A New Cookbook and a New Cake

Oh, I still get SO excited when I get a new cookbook. Even though I know, from experience, that I’ll probably only find one or two recipes in it that I’ll use again and again, the childish pleasure of flicking through it the first time and finding unthought-of combinations is a treat.

On Friday I was sent a copy of Nigel Slater’s new book, Tender II and, having proofread parts of it back in the summer, I was eager to see the finished product and to find some of the wonderful fruit cakes that I remember checking. I’ve said before that I find his writing a bit flowery these days so I skipped all the long descriptive sections (I’m certain they’re getting longer and more self-important, like Delia’s…I mean the first line is ‘And then there was fruit.’) and went straight to the recipes.

Since I bought a rather large box of cheap plums yesterday, the first thing I looked for was a plum cake. What I’ve noticed about Nigel’s cake recipes is that he uses endless variations of the creamed butter and sugar method, and his other great cake is the wonderful ginger one, which involves melting sugar, syrup and butter then mixing it with the dry ingredients. In Tender II he manages to combine elements from both of these methods in this rather glorious plum, cinnamon and honey cake. As with the other cakes I’ve written about here, the timings are not the most trustworthy but I didn’t use the right size tin so that will have affected it. It still tasted amazing though. And the smell of cinnamon and plums cooking is a perfect antidote to a wet Sunday afternoon.

Nigel’s plum and honey cake

You will need:

250g plain (all-purpose) flour

a lightly heaped tsp of baking powder

a level tsp of bicarbonate of soda

a lightly heaped tsp of cinnamon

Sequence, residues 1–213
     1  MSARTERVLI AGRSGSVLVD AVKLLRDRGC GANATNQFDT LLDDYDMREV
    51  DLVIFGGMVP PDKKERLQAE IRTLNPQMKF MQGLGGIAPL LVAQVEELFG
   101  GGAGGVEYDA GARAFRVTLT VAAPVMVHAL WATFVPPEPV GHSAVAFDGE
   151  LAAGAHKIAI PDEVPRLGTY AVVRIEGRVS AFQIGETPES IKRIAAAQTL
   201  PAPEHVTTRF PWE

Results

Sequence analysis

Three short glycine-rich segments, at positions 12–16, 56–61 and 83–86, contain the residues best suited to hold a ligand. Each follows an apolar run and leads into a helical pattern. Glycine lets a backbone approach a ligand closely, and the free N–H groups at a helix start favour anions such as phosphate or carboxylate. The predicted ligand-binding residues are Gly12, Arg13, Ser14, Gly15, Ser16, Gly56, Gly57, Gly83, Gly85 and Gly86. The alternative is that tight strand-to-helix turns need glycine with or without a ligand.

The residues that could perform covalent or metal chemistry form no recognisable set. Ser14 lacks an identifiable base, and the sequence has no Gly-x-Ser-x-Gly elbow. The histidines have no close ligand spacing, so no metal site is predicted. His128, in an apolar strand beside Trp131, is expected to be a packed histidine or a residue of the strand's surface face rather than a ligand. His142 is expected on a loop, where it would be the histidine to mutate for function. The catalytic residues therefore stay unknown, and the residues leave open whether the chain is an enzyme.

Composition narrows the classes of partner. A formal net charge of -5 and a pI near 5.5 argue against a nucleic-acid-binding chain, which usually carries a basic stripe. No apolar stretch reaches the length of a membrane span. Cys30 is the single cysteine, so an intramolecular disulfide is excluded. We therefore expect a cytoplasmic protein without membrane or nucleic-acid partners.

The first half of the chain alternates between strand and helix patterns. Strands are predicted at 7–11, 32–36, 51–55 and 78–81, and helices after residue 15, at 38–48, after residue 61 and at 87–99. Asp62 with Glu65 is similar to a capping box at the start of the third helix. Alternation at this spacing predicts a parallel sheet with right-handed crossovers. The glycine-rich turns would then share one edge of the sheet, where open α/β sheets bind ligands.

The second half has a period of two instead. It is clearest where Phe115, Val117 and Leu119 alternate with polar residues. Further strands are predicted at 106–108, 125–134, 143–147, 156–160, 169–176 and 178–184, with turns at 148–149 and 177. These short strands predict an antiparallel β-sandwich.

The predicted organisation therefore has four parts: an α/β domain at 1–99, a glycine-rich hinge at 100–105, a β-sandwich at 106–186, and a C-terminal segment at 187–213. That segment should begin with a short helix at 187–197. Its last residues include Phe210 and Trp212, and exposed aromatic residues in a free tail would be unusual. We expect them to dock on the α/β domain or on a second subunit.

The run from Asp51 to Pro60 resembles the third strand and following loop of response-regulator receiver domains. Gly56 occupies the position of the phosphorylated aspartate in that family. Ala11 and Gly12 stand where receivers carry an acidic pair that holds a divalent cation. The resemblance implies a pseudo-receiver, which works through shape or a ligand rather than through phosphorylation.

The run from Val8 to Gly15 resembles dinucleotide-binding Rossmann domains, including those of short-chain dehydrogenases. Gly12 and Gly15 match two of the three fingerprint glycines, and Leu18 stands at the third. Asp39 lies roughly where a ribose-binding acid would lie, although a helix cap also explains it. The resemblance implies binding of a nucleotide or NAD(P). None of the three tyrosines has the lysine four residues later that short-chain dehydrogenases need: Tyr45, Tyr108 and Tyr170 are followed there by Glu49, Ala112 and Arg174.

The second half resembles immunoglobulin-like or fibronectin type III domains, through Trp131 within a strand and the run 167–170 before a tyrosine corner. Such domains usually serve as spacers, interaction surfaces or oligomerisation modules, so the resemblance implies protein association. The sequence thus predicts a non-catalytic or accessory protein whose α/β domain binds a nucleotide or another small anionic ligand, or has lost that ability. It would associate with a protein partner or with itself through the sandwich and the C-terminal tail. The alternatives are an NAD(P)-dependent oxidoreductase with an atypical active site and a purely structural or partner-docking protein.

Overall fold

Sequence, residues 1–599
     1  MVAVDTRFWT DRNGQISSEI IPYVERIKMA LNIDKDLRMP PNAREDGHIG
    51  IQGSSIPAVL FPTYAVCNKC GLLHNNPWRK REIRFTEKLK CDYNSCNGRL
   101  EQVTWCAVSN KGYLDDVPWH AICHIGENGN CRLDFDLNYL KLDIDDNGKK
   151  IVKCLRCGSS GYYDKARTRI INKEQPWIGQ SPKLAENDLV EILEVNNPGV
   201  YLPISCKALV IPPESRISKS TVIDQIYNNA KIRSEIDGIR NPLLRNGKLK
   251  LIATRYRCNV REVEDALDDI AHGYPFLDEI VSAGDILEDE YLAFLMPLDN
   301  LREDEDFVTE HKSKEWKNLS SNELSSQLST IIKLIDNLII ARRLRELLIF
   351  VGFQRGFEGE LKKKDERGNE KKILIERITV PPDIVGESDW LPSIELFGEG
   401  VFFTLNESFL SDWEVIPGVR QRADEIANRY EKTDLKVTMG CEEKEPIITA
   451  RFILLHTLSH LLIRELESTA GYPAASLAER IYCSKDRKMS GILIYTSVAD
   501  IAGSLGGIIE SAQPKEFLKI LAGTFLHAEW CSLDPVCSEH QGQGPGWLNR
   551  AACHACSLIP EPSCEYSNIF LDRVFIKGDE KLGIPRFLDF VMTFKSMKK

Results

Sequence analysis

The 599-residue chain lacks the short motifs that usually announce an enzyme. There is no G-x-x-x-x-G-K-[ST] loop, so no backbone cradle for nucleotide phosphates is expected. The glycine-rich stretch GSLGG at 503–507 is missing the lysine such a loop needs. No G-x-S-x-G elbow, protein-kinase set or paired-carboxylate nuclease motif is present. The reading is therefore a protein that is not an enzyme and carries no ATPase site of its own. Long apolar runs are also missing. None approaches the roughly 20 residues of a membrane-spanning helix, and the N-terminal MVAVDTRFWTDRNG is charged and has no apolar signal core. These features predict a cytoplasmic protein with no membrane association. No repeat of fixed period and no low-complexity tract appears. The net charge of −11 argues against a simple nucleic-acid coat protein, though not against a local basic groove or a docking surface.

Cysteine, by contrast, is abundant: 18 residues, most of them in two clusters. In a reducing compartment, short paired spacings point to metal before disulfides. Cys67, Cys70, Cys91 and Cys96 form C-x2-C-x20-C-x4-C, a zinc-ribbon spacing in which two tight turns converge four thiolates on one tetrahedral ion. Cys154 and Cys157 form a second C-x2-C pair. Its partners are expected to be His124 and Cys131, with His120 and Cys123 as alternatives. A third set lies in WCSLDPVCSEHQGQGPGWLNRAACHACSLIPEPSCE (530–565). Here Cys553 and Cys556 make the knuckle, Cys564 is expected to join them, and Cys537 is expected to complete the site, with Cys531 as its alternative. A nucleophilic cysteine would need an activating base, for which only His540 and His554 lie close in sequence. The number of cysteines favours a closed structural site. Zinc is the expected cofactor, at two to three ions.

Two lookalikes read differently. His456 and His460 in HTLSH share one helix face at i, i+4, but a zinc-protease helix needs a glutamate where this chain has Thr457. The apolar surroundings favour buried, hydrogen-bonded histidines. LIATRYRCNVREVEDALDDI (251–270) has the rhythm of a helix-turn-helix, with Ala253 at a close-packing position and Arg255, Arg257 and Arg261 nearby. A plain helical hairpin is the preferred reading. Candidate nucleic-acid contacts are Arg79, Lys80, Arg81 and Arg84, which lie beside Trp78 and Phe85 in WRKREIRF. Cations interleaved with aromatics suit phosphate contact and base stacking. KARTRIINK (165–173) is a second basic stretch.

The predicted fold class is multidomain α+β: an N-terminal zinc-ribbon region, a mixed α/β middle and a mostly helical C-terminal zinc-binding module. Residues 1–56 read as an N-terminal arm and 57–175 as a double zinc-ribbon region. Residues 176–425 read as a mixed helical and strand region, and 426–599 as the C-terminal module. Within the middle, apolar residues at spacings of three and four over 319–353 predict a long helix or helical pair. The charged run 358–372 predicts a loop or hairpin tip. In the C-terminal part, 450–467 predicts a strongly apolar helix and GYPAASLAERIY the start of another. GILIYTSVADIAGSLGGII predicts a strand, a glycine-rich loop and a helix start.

200g golden syrup

2 heaped tablespoons of thick honey (not sure how you can ‘heap’ honey on a spoon…)

125g unsalted butter

125g light muscovado sugar

350g plums (I found this was about eleven medium-sized ones)

2 large eggs

240ml milk


1. Preheat the oven to 350F/180C/Gas mark 4 (take off 20C for a fan-assisted oven) and line a 24cm square baking tin with baking parchment. (I only have a 20cm square and a 28cm x 17cm rectangular tin so, since the first was too small and the second too large, I made it in the large one. Does anyone know of any reliable conversion tables for different sized tins or do I just have to go out and buy them all…?!)

2. Sift the dry ingredients (flour, baking powder, bicarb of soda, cinnamon) into a bowl.

3. Put the golden syrup, butter and honey into a saucepan over a medium heat.

4. Once the butter has melted add the sugar and stir until it has dissolved.

5. Halve and stone the plums and then, if they are large, quarter them too.

6. Beat the eggs and milk lightly together.

7. Add the syrup-butter-honey mixture to the dry ingredients and mix together.

8. Add the egg and milk and mix well to make a batter that looks and feels just like the ginger cake one I mentioned above.

9. Tip the mixture into the lined tin, drop the plums onto the batter (they will sink) and bake. Now the recipe says: ‘bake for thirty-five minutes. Place a piece of foil loosely over the top of the cake with foil and leave to cook for ten to fifteen minutes longer. Switch off the oven, but leave the cake in the oven for a further fifteen minutes, then remove and leave to cool.’ However, as ever, I found that the timings didn’t quite work but then I didn’t use the right size tin. I baked it for forty-five minutes and covered it for ten. Finally, Mr Slater doesn’t mention how to tell if it’s ready but I found that, after the first forty-five minutes and another ten, the knife-clean test worked.

I'm not sure how Nigel gets all his mixture into a smaller tin ...

This entry was posted in Autumn food, Cakes, Cakes that can also be pudding, Comfort zone, Cookery books, Easy cakes, Fast cakes, Fruit cakes, Nigel Slater, Tender II and tagged , , , , , . Bookmark the permalink.

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